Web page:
What is the Alexander Technique?

Here are a few variations on how to describe it, in the hope of giving you a fuller flavour of whats on offer.

  • It’s learning to unlearn or undo physical habit patterns that interfere with our natural balance, poise, body alignment and ease of movement.  Chris Raff
  • The title of Alexander’s second book ‘Constructive Conscious Control of the Individual’.  F M Alexander
  • The Alexander Technique is a skill for self-development teaching you to change long-standing habits that cause unnecessary tension in everything you do.  Society of Teachers of the Alexander Technique, STAT website
  • Whatever your age or ability, the Technique can help boost your performance in any activity and relieve the pain and stress caused by postural habits, like slouching or rounded shoulders.  STAT website
  • The Alexander Technique is an intelligent way to solve body problems.  Many people are mystified by their own back pain, excess tension or lack of coordination.  They often see problems in their joints or muscles as structural, unchangeable.  As an Alexander teacher, I hear clients say things like, “I’ve always walked like a duck,” or “My posture is just like my father’s.”  But, as they learn the Technique, they are surprised that they really can make lasting changes in the way they walk, their degree of muscular tension or the shape of their posture.  They learn how dynamic and changeable the body really is.  They find that, by learning the Technique, they can improve their overall movement and achieve optimal health for both body and mind.  Joan Arnold
  • The Alexander Technique re-organizes patterns of chronic tension that have unconsciously become a fixed part of how we move, breathe, and act in the world.  Rather than attempting to directly relax all tensions in the body, or trying to disperse the tensions by vigorous exercise, Alexander recognized that by consciously addressing the primary coordination of postural support, movement and breathing, tension could be transformed into available, coherent energy.  John Nichol
  • Between stimulus and response, there is a space. In that space lies our freedom and power to choose our response. In our response lies our growth and happiness.  Viktor Frankl
  • The Alexander Technique is a method of personal education which involves self awareness and releasing muscular tension.  Richard Brennan
  • Since its beginnings in Australia in the 1890s, the Alexander Technique has become renowned as a powerful and effective antidote to the stresses and strains that modern life places upon our bodies.  Jeremy Chance
  • A tool for transforming harmful tension and painful posture, into freedom and poise one thought at a time. Lucy Ascham


The work is taught through words, movement, coaching and a unique guiding touch.

Its a way of helping you move more fluidly in everyday movements.  Here is a video of me (less than one minute), moving in and out of semi-supine or constructive rest, the position of maximum rest for your spine.  (You’ll hear Miriam asking “Should it be red?” at the beginning.)   I’m humming to demonstrate that my breathing continues to flow whilst I move.  Try it!

What the Alexander Technique is not.

A specific form of exercise.

A movement routine.

A meditation practice.

Physio, yoga, pilates, massage, a treatment.

What are the benefits?

These can be many and varied, depending on how you are out of balance or mis-using yourself.  Many people have found benefit from stress using this Technique.  Your thoughts affect your movement, and emotions.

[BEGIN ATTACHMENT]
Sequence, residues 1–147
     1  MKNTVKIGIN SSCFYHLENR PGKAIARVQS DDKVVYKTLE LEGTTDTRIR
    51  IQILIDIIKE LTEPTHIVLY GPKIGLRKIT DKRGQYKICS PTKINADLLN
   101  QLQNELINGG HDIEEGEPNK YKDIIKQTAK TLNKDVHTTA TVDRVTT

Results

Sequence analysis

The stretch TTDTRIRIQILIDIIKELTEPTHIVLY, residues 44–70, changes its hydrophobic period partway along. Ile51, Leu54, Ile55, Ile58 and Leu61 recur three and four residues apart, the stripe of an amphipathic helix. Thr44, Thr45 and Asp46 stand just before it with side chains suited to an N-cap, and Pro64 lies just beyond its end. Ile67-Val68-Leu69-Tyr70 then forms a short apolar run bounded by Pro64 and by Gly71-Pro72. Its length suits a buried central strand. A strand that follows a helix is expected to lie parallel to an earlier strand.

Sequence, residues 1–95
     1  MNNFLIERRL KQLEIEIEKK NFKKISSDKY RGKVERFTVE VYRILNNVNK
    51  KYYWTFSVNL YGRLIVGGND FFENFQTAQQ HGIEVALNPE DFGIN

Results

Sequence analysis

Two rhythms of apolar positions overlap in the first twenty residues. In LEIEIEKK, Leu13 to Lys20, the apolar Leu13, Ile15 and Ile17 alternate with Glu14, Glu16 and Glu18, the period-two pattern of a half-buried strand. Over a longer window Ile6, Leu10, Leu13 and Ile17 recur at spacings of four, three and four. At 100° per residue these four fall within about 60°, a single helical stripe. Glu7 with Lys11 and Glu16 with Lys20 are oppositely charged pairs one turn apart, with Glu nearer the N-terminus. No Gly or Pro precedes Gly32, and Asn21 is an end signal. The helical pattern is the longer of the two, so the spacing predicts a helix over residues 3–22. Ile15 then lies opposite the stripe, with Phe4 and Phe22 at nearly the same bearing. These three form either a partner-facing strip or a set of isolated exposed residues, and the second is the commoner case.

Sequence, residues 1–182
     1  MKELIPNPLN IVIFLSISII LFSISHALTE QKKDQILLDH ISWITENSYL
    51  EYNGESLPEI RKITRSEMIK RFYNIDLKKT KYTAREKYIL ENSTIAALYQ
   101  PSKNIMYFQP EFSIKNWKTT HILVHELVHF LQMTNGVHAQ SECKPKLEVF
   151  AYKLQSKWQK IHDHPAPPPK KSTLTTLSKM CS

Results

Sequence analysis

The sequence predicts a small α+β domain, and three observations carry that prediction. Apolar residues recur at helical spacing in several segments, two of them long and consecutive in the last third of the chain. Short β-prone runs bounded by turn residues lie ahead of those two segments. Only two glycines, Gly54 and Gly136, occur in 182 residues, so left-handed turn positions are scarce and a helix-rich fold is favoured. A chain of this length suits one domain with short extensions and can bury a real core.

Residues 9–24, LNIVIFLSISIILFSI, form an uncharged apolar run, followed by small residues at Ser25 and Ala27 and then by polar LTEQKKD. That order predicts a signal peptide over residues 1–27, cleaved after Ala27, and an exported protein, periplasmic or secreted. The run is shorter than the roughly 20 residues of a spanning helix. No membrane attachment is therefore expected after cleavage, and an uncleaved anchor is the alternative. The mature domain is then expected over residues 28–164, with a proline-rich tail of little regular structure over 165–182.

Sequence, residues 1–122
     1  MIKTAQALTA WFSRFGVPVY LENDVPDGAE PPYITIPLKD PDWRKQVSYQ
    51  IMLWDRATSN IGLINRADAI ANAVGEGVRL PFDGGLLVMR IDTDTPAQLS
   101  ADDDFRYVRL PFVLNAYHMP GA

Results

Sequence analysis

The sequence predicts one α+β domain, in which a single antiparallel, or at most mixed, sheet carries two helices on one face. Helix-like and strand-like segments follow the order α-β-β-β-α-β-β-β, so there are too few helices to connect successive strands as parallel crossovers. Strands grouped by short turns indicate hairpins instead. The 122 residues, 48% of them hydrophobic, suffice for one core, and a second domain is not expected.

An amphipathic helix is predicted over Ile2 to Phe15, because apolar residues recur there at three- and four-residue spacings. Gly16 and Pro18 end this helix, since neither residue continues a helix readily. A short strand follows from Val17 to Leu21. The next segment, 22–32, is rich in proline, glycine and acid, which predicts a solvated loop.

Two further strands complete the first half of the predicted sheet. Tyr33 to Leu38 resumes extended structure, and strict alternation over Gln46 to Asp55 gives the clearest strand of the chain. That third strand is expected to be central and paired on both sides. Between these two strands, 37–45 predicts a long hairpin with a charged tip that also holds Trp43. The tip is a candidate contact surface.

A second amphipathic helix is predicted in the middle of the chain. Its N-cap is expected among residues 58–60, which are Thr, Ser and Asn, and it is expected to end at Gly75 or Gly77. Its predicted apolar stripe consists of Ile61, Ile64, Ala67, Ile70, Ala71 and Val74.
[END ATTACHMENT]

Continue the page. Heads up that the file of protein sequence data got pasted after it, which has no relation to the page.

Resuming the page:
See the STAT Society’s list of benefits for your health and well-being and improvement in your chosen activity.


Medical research papers and trials about the Alexander Technique.  A variety of papers have been published, randomised control trials and a growing raft of evidence in support of this work.



I participated as a teacher during the  ATLAS controlled trial recruiting patients with chronic neck pain and evaluating one-to-one Alexander Technique lessons, or acupuncture, each plus usual care, compared with usual GP care alone. The primary outcome (at 12-months) demonstrated significant and clinically meaningful reductions in neck pain and associated disability for both interventions compared with usual care alone. Here we describe pre-specified, self-efficacy and other self-care-related outcomes for the Alexander group compared with usual care.

Results: The Alexander group reported significantly greater improvements, compared with usual care alone, in most of the self-efficacy/self-care measures (9/11 measures at 6 months, and 8/11 at 12 months), including the ability to reduce pain in daily life.   At 6 months, 81% (106/131) of Alexander participants reported significant improvement in the way they lived and cared for themselves (versus 23% for usual care), increasing to 87% (117/135) at 12 months (usual care: 25%). NPQ scores at both 6 and 12 months were related to improvement in self-efficacy and ability to reduce pain during daily life.

Conclusions: Alexander Technique lessons led to long-term improvements in the way participants lived their daily lives and managed their neck pain.  Alexander lessons promote self-efficacy and self-care, with consequent reductions in chronic neck pain.

Self-efficacy is confidence in one’s ability to carry out behaviour required to produce a desired outcome.  In this instance it means confidence in ability to engage in behaviour that leads to less neck pain.

See more: http://authors.elsevier.com/sd/article/S1876382017302330

More on the ATLAS trial here

The best way for most people to learn is with individual one to one Lessons.

Contact Lucy Ascham on 07949 522 655 to discuss how you can make a start and learn how your body is designed so you can operate it accordingly and improve your life experience.